Just inside the unassuming Chiesa di Santa Maria del Popolo lie two, slightly obscured, masterpieces of the Baroque era. In fact, you might not even know they existed, were it not for the hordes of tourists twisting their necks to see them. Neither piece takes the central position over the altar in the Cerasi Chapel.1 As you look up to the left, you see the striking image of Saint Peter’s crucifixion portrayed by the Baroque painter, Caravaggio.
The painting’s immediate features are enough to stun any viewer. Caravaggio’s renowned use of chiaroscuro (the dramatic shift from light to dark) places Peter’s particularly bedraggled body and troubled expression in the spotlight, while dimming our view of his executioners’ faces. Caravaggio’s brutally naturalistic depiction of St. Peter marks a drastic departure from Michelangelo’s idealistic figures. And then we have the drama of the scene itself: A crucified man is being turned upside down. Caravaggio shows his figures in the midst of the action and deliberately places each gruesome, straining muscle in the foreground – including one man’s behind. Peter himself appears more like the working man than a saint. Perhaps most puzzling to the viewer is Peter’s emotional state. Is his a face of anguish, determination, or something else?
As in many of Caravaggio’s signature works, the moment portrayed here is transitory. While Peter’s legs are being raised, he is clearly straining to keep his head upright. This tension may be a physical rendering of Peter’s ambiguous expression – perhaps he is not yet fully committed to his choice. In the Acta Petri, an apocryphal account of Peter’s acts, we are told that while Peter was fleeing persecution on the Via Appia, he had a vision of Jesus Christ:2
“ut autem portam civitatis voluit egredi, visit sibi Christum occurrere. et adorans eum ait; Domine, quo vadis? Respondit ei Christus: Romam venio iterum crucifigi. ei ait ad eum Petrus: Domine, iterum crucifigeris? Et dixit ad eum dominus: Etiam, iterum crucifigar. Petrus autem dixit: Domine, revertar et sequar te. Et his dictis dominus ascendit in caelum. Petrus autem prosecutus est eum multo intuitu atque dulcissimis lacrimis. et post haec rediens in se ipsum intellexit de sua dictum passione, quod in eo dominus esset passurus, qui patitur in electis misericordiae compassione et glorificationis celebritate.”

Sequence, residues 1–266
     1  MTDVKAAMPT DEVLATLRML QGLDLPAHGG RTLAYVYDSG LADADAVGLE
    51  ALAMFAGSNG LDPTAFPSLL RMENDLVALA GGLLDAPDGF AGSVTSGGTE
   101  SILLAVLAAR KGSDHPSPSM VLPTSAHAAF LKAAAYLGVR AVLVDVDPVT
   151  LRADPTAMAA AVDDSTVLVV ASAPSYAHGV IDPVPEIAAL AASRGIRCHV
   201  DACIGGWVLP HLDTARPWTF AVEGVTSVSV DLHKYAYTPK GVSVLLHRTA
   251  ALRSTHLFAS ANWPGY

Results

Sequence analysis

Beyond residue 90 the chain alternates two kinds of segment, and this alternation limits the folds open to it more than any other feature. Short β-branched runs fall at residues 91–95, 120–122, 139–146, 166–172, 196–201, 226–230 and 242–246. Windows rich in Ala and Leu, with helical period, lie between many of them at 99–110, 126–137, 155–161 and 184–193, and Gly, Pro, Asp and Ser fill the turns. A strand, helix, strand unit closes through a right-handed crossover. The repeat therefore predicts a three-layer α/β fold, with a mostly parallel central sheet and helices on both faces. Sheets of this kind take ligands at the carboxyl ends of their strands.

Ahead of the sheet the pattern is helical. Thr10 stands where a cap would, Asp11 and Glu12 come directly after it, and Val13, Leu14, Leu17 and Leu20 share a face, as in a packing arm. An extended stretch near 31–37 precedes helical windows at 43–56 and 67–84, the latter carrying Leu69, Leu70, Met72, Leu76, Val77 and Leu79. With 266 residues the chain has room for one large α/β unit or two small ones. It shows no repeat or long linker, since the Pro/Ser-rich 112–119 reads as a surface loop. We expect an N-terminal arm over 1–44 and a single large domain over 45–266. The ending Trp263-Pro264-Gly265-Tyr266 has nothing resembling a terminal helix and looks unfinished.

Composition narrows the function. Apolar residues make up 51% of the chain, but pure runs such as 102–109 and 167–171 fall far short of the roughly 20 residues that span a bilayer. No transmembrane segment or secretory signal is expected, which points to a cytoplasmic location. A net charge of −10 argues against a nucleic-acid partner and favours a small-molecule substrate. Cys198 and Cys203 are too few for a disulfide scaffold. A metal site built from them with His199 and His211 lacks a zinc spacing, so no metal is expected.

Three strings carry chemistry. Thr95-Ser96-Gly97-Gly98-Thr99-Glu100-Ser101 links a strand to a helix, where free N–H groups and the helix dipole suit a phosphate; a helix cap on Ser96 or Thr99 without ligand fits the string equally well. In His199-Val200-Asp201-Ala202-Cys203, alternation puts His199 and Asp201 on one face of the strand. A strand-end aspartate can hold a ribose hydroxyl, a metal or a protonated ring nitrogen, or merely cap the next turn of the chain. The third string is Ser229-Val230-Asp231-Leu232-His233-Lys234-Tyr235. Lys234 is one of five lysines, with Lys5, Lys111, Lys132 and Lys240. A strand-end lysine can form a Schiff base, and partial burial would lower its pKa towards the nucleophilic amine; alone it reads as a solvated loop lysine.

Peter interprets (“intellexit”) the vision to mean that Christ would be crucified once more through Peter’s own crucifixion. This act of interpretation is particularly important for understanding the uncertainty in Peter’s expression: He made a free choice to return to Rome based solely on this interpretation, thereby ensuring his own crucifixion.
Just before Jesus’ (first) crucifixion, Peter had been asked to make a similar decision between self-preservation or punishment – in fact, the exact wording “Domine, quo vadis?” makes an appearance in relation to this story. This parallelism demands our attention. At the Last Supper, the Gospels tell us that Peter declared that he is willing to be punished along with Jesus. Jesus tells Peter that he is not ready to follow him. The account in the Gospel of John portrays the story thus:3
dicit ei Simon Petrus “Domine quo vadis?” respondit Iesus “quo ego vado non potes me modo sequi, sequeris autem postea.” dicit ei Petrus “quare non possum sequi te modo animam meam pro te ponam.” respondit Iesus “animam tuam pro me ponis amen. amen dico tibi non cantabit gallus donec me ter neges.”
As per Jesus’ prophecy, Peter denies his relationship to Jesus on the night that Jesus was arrested – presumably for the sake of self-preservation.
Peter’s vision in the Acta Petri appears to be an inversion of his denial of Jesus in the Gospels. When Peter first asks Jesus whether he can follow him, Jesus dismisses him, declaring that he is not yet ready to do so, “sequeris autem postea.” In the Acta Petri, it is now “postea,” and so Jesus allows Peter to follow him. Peter had made the same decision to save himself right up until the vision occurred, but, seeing Jesus in the Via Appia, he changes his mind. This ethical inversion parallels the literal inversion of the cross. Caravaggio’s stroke of brilliance lies in how he conveys Peter (although already on the cross) still in the transition from the mindset that led him to deny Jesus to the mindset that made him follow Jesus. Caravaggio weighs down Peter’s physical inversion on the cross with the gravitas (shown in both the executioners’ duress and Peter’s anguish) of this transition as it is happening.